08 March 2013
It turns out the left was right all along on the problems perceived by employers with employment law, but it is quite a surprise a Tory-led government is the one to finally admit it.
New research commissioned by the Department of Business, Innovation and Skills – The Employer Perceptions and Impact of Employment Regulation – has shown that where labour law is considered to be burdensome by employers, it is often because it has been misunderstood.
The study showed, for instance, that some employers were over-complying with regulations they did not understand – particularly when it comes to dismissing staff – and their experience was thus leading them to the impression that employment law was far more penalising to employers than it ever has been. This finding is reminiscent of Professor Ragnar Lofstedt’s recent review into health and safety, which was also commissioned by the government, and which also discovered the ‘burden’ employers reported was created by their over-compliance with regulations that were found to be perfectly reasonable when followed correctly.
But don’t get your hopes up yet, the research does not represent a sudden embrace of reasoned logic within the Coalition’s otherwise ideologically-driven policy proposals. When Professor Lofstedt published his report, the government willingly misinterpreted his recommendations, deciding to bring in harsh cuts to the health and safety regulations that the review found to play important roles in protecting workers, in order to appease misinformed employers that considered them to be a burden, rather than simply educating employers to follow the law correctly.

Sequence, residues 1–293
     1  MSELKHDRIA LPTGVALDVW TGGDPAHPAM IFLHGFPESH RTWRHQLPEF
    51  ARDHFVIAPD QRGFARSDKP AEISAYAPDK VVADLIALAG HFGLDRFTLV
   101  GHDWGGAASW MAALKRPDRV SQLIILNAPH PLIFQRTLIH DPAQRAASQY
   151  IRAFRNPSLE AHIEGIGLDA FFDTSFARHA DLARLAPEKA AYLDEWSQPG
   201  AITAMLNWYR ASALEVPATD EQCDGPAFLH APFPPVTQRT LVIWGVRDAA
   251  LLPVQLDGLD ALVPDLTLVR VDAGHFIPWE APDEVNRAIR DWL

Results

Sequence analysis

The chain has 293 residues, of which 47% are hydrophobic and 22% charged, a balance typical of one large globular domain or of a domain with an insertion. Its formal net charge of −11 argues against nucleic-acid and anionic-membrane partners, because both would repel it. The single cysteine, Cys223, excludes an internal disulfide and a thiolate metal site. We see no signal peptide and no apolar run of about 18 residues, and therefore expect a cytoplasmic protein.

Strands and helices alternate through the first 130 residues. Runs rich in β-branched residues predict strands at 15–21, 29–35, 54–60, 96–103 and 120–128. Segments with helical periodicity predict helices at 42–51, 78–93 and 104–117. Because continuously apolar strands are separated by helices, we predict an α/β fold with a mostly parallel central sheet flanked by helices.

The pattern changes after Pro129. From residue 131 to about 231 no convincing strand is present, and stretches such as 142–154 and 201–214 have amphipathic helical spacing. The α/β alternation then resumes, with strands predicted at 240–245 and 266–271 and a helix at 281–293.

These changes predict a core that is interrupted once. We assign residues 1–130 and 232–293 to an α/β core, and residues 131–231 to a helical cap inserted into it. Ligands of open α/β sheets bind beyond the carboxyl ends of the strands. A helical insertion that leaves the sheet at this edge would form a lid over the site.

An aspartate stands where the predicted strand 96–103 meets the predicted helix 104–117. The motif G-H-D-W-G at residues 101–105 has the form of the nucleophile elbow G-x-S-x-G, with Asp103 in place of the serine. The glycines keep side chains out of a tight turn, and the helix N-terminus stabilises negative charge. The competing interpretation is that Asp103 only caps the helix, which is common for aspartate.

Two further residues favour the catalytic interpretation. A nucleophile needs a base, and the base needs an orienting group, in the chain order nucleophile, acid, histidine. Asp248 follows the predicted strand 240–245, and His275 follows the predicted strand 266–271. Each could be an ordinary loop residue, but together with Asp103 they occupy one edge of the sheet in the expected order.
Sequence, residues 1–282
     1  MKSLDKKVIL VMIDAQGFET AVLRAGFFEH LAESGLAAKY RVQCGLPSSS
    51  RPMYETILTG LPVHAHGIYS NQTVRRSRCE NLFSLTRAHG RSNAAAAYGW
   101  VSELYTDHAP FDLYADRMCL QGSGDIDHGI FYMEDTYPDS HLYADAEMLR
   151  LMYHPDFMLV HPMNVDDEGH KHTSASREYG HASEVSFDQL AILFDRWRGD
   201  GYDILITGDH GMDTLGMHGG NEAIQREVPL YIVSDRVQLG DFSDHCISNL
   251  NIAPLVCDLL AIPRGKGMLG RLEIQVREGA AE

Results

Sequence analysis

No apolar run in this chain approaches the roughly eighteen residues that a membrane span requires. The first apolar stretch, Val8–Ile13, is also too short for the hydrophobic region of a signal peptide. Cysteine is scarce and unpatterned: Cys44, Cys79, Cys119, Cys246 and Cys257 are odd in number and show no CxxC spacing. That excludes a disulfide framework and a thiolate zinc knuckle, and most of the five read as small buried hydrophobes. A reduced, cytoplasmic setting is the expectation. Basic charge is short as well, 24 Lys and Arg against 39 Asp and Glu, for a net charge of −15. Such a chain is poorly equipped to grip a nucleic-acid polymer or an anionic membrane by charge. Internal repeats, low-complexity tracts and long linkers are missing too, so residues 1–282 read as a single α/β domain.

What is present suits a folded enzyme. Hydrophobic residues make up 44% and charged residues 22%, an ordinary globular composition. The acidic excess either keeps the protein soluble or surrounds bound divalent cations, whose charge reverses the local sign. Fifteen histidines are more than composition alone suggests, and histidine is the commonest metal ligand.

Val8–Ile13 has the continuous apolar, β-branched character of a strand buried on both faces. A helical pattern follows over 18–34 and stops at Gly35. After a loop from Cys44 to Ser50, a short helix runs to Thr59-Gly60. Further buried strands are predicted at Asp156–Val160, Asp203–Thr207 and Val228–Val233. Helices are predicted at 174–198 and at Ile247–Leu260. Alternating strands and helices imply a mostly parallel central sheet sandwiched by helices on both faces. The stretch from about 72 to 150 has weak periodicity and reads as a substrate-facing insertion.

The response to the new study on employment law from Jo Swinson, Employment Relations Minister, reveals a similar approach this time around. “Through the government’s Employment Law Review we are reviewing existing legislation with the aim of providing clarity and certainty for business to give them the confidence to manage their workforce effectively,” she said, sounding perfectly reasonable until you look at what the government are actually doing.
As well as some attempts to improve employer education, the government are taking advantage of business perceptions of burdensome regulations by making ideological choices to get rid of the ones that protect the livelihoods of workers.
Just some of these are:
- Making it more expensive and more difficult for workers to seek justice through an employment tribunal if they are unfairly dismissed
- Attempting to remove employers’ civil liability for their workers’ welfare – which has been enshrined in law for 114 years
- Providing businesses with the ability to offer their workers shares in their companies instead of fundamental employment rights like redundancy pay and protection against unfair dismissal
- Making it unlawful for health and safety experts to proactively inspect workplaces including docks, airfields and some manufacturing companies. Instead, inspectors must wait until someone has been injured or killed to access the site
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